Unity of Believers
Co-OperationSee: Ne 4:1-23
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This word is very rare in the Bible, but the thought behind the term, that of the one people of God, is extremely prominent. Already in the OT Israel is descended from the one father, and although the tribes are later divided the psalmist commends unity (Ps. 133:1) and Ezekiel looks to the time when there shall be "one stick" (Ezek. 37:17). Nor is this merely a political or natural unity, for Abraham is divinely elected, and Isaac is the child of special promise and miracle.
In the NT this unity is expanded in accordance with the original promise. The wall of partition between Jew and Gentile, and indeed between Greek and barbarian, bond and slave, male and female, is broken down. There is now the one people of God embracing men of all nations (Eph. 2:12-13; Gal. 3:28).
But this new unity is not one of mere good will, or common interests, or ecclesiastical organization. It is a unity of expansion because of contraction. It is a unity in the one seed (Gal. 3:16) who has come as the true Israelite and indeed the second Adam (Rom. 5:12-13). The old and estranged men are made one in Jesus Christ (Eph. 2:15). The one Jesus Christ is the basis of the unity of his people.
But they are one in Jesus Christ as the one who reconciled them by dying and rising again in their stead. As divided men they first meet in his crucified body, in which their old life is put to death and destroyed. They are reconciled in one body by the cross (Eph. 2:16). "We thus judge, that if one died for all, then were all dead" (II Cor. 5:14). But Jesus Christ rose as well as died, and as the Resurrected he is the one true life of his people (Col. 3:3-4). They thus meet in his risen body, in which they are the one new man.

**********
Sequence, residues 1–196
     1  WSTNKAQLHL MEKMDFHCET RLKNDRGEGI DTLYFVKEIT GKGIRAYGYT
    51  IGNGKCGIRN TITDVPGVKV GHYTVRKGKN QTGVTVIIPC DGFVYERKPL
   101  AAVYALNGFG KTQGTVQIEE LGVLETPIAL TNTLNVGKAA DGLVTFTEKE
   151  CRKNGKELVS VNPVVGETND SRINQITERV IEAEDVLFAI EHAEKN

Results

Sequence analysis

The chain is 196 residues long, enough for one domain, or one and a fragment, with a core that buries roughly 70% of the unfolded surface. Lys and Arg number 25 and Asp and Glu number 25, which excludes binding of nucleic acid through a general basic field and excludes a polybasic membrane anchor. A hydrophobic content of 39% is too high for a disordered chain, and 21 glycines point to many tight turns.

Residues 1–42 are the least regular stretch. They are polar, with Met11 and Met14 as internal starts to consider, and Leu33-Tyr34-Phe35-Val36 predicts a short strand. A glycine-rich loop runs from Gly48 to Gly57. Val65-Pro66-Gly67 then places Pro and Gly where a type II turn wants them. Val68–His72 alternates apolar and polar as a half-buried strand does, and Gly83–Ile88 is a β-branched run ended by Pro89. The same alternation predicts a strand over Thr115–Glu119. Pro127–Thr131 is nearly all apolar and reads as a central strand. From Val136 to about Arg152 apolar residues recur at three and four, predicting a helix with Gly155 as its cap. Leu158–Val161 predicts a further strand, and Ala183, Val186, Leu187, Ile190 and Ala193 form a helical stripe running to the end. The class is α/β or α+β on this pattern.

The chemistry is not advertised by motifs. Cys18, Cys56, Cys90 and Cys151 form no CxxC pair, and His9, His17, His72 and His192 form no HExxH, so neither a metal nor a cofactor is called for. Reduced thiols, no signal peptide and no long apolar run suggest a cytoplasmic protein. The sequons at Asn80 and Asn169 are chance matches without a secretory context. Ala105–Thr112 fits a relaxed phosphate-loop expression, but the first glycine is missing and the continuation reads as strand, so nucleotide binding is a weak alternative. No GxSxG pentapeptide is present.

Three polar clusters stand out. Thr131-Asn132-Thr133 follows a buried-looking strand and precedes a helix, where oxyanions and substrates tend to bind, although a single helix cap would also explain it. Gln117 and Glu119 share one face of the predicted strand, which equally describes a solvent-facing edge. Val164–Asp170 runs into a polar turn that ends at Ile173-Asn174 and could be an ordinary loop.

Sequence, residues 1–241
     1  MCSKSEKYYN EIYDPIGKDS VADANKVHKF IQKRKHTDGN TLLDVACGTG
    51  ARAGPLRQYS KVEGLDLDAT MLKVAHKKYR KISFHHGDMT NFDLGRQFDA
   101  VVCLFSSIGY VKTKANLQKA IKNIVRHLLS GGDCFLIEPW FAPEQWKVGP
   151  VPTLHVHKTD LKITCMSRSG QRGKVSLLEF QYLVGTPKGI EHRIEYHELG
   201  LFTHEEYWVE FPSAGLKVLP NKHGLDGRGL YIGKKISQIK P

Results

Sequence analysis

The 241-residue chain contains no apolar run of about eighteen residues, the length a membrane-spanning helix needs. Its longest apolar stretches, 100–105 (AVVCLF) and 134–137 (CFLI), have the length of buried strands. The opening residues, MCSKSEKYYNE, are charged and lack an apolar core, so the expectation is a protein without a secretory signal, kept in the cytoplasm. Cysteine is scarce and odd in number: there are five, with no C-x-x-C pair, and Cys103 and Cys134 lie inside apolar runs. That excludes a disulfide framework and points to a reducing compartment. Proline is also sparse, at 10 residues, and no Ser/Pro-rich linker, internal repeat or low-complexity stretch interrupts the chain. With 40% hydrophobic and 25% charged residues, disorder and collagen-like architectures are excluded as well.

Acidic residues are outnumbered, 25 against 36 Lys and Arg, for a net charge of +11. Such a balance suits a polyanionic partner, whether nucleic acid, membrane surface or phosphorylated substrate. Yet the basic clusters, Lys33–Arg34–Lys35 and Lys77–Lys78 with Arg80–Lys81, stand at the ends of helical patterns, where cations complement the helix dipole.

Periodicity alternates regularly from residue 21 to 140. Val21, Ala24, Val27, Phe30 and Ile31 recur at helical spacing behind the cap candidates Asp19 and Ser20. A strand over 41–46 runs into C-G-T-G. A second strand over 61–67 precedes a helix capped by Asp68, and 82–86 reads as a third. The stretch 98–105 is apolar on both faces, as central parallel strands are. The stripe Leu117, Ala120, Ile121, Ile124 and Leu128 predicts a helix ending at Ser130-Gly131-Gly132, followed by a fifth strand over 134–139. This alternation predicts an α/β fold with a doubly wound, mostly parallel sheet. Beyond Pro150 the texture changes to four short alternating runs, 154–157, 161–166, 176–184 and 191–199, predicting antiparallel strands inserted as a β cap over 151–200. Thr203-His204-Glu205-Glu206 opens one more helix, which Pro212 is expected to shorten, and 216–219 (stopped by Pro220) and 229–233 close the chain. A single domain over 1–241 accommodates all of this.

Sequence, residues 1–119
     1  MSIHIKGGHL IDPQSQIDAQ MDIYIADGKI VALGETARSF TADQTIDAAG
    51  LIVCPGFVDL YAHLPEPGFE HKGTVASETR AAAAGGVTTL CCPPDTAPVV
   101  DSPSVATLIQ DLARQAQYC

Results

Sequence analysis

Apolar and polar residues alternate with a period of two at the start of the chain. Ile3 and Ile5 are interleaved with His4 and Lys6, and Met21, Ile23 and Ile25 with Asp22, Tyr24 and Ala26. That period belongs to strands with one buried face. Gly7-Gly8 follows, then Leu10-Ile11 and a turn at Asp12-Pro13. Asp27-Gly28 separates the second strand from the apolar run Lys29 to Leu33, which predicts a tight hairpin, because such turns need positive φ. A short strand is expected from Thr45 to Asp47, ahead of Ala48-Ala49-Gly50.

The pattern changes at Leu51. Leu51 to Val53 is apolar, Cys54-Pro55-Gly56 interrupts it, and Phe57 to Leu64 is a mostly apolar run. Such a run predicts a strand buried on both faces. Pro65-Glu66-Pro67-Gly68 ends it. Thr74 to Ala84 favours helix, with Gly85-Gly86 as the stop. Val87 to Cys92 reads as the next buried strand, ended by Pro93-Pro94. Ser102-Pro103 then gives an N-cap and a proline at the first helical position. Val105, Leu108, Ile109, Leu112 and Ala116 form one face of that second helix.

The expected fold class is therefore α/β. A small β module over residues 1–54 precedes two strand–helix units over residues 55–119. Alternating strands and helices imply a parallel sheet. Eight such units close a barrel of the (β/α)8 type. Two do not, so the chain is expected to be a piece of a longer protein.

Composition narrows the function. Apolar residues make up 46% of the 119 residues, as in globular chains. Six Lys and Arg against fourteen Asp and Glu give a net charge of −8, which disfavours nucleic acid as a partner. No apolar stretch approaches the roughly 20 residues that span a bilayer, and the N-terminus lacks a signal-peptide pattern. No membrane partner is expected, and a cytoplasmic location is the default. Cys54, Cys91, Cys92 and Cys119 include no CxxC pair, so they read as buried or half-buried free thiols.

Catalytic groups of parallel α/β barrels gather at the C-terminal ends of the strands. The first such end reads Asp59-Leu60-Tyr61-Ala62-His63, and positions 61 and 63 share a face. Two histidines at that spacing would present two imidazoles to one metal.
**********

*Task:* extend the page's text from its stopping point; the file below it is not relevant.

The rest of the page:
Yet if this unity is centered in Jesus Christ, it is necessarily a unity of the Holy Spirit. Believers have their new life in Christ as they are all born of the one Spirit (John 3:5; Eph. 4:4). But this means that they are brothers of Jesus Christ and of one another in the one family of God. They have the one God and Father of all (Eph. 4:4). They have not only a common birth, but a common mind which is the mind of Christ (Phil. 2:5). They are led by the one Spirit, being built up as a habitation of God through the Spirit (Eph. 2:22).
How full and real this unity is emerges in the fact that the church is called the bride of Christ, and is therefore one body and one spirit with him (cf. I Cor. 6:17; Eph. 5:30). It can thus be described quite simply as his body, of which Christians are the different members (Rom. 12:4). Since it is by faith that Christians belong to Christ, their unity is a unity of faith (Eph. 4:13). It is expressed in the two sacraments, for as there is only one baptism (Eph. 4:5), so there is only one loaf and cup (I Cor. 10:17).
Since unity belongs so essentially to the people of God, it is right that it should find expression in the creed (one church), and that in all ages there should be a concern for Christian unity according to the prayer of Christ himself (John 17:21). For the attainment of genuine unity, however, it is necessary that the following point should be observed.
Christian unity is a given fact of the new life to be believed and accepted in faith in Christ. It is not first the unity created, safeguarded, or enforced by a human institution or association. Nor can it be simply equated with a particular structure of the church or form of ministry, practice, or dogma. Like the righteousness of the Christian, it is found first and primarily and exclusively in Christ.
Again, Christian unity is not identical with uniformity. It does not allow division. But it does not exclude variety. The one Spirit gives different gifts (I Cor. 12:4-5). In the one body of Christ there are many members. The unity grounded in Christ leaves scope for diversity of action and function, the only conformity being to the mind of Christ and direction of the Spirit.
Finally, the unity received in faith must find expression in historical life and action. There must be no antinomian acquiescence in diveded or competitive Christian bodies. To this extent, it is right and necessary that there should be an active pursuit of practical unity, but only on the basis of the unity already given, and therefore with a fuller looking to Christ and readier subjection to his Spirit.
G W Bromiley
(Elwell Evangelical Dictionary)
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